English, Department of



Kathleen Adams

Date of this Version


Document Type



The George Eliot Review 21 (1990)


Published by The George Eliot Review Online https://GeorgeEliotReview.org


BBC CWR is a new local radio station launched at the beginning of the year to cover Coventry and Warwickshire. It became clear very early on that the station wished to show an interest in and pay tribute to George Eliot. A Letter from George was their first attempt and from the success of this I feel we can look forward to a long period of co-operation between the Fellowship and the BBC in Warwickshire in relation to George Eliot.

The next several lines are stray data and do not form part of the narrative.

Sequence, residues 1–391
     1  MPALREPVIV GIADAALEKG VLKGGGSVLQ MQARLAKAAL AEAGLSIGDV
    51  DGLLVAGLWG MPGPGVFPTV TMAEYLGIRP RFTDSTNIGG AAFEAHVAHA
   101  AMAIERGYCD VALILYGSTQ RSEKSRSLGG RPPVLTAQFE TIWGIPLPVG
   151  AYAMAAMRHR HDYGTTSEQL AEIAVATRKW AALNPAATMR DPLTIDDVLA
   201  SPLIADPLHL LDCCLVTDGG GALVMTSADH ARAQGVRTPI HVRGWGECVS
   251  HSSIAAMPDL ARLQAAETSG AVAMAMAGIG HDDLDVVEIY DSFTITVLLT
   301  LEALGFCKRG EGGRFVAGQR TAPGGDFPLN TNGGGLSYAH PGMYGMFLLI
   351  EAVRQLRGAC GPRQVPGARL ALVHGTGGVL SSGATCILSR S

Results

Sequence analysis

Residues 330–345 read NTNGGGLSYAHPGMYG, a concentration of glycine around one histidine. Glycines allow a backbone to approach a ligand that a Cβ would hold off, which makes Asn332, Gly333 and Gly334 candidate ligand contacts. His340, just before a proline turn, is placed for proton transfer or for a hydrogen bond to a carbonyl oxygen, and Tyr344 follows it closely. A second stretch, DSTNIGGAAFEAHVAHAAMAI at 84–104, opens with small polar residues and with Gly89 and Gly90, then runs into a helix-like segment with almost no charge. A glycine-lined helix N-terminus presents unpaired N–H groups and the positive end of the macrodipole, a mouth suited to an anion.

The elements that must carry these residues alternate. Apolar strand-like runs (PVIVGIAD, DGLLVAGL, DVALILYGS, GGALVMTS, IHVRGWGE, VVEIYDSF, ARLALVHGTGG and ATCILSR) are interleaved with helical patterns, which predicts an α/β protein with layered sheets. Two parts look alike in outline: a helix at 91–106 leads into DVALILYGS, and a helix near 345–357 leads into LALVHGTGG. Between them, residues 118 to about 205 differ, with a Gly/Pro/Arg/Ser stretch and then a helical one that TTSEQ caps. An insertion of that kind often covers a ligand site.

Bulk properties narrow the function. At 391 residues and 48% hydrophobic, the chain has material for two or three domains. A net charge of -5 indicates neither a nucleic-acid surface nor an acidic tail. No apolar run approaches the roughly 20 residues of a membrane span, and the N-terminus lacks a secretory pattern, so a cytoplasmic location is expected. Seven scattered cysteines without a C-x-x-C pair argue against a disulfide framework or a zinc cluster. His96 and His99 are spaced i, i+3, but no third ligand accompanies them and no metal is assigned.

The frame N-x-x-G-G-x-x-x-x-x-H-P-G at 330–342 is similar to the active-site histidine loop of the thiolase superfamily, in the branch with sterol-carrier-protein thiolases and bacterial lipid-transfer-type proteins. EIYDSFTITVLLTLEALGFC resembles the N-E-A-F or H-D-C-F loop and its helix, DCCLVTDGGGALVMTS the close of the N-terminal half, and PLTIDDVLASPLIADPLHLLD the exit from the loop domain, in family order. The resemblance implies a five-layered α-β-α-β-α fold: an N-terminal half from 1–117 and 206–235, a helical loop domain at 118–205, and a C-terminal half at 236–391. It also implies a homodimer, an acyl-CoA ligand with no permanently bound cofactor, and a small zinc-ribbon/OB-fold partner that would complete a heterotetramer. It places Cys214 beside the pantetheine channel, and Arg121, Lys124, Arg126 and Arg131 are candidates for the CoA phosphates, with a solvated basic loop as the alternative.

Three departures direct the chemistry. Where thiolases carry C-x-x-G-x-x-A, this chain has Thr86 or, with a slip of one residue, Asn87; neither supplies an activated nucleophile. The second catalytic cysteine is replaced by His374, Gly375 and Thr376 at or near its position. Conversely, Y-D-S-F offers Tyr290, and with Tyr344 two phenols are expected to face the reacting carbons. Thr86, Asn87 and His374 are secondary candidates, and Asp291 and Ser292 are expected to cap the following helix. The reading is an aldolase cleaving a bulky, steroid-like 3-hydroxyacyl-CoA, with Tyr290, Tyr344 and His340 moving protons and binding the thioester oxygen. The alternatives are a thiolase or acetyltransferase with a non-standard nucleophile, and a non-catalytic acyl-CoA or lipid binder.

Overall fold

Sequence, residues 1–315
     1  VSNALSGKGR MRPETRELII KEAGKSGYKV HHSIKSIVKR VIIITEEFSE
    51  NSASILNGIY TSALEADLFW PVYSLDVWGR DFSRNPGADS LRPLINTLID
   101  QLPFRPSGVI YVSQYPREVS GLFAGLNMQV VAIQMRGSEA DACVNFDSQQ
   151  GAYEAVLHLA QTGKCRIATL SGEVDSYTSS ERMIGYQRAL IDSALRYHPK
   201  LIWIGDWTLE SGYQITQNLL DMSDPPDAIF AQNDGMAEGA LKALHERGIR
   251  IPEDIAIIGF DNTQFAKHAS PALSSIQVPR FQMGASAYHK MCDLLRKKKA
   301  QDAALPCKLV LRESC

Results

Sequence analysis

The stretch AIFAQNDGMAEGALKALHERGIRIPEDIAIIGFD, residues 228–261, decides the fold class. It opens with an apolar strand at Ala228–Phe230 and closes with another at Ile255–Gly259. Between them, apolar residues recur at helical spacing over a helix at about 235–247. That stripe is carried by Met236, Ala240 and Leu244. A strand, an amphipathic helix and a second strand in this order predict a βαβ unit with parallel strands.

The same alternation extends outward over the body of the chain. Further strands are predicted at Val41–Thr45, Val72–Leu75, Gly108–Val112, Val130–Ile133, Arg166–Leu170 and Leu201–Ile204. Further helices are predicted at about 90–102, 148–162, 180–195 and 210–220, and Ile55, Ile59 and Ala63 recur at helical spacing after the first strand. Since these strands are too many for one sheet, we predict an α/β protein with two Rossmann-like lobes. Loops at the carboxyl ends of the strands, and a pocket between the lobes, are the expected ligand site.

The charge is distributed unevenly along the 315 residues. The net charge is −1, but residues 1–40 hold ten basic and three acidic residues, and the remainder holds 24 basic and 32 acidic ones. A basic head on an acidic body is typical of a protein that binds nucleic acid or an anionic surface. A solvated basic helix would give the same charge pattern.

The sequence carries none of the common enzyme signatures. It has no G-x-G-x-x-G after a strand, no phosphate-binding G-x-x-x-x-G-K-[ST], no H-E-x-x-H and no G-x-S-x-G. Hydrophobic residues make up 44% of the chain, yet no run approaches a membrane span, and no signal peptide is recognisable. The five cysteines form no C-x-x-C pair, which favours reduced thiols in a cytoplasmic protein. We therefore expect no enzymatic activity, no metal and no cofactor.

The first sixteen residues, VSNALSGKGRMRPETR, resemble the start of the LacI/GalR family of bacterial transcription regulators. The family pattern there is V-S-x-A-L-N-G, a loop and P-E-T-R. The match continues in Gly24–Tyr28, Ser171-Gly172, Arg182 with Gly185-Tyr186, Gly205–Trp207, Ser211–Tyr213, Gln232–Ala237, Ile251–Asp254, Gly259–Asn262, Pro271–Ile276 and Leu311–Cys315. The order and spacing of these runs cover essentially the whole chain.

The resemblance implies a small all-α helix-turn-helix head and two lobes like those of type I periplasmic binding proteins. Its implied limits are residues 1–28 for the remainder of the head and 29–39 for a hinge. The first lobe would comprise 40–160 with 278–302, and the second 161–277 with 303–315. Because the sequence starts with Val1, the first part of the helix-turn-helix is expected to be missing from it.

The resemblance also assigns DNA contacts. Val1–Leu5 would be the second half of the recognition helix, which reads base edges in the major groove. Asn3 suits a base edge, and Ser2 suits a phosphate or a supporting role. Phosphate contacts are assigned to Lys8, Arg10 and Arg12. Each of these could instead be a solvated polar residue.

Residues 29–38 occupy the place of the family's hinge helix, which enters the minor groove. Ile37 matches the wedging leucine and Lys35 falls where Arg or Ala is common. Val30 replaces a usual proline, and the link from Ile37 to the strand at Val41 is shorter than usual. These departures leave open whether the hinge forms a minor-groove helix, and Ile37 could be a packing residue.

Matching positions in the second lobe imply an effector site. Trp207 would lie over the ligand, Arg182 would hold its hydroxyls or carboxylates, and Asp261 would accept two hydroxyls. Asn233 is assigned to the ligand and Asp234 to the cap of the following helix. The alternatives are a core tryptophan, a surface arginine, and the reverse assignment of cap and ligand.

In choosing eight episodes of about ten minutes each it was inevitable that the life of the novelist would be fragmentary. By also deciding to let her tell her own story, some parts of her life were very well covered and others hardly mentioned at all. The purist had to accept this while wishing that more time had been given for some episodes to be further developed. The 'letter' was to John Cross, to be read by him during an illness after their marriage. There were a few basic and regrettable errors which, if facts had been checked, could have been avoided. Robert Evans' place of work was given as the village of Antsy instead of Astley. I suspect that the villagers would have been a little surprised - Antsy to have gained him and Astley to have lost him! 'George Eliot' spoke of some of her stories and novels as Scenes from Clerical Life (instead of 'of') Mill on the Floss instead of The Mill on the Floss, Janet's Remembrance instead of Janet's Repentance. and Romola was mispronounced. The real George Eliot would have been scrupulous in getting them right and all of these were so easy to check. Some incidents in her life were misplaced; again, the novelist would not have made the mistake and more care should have been exercised in the writing. Having criticised the errors, however, one must give praise where it is due - the tone of the writing by Jock Gallagher was just right. In some instances, he had used George Eliot's own words, but when he wrote for her, so to speak, he caught the tone and the words which I am sure she would have used, thus making the narrative totally convincing.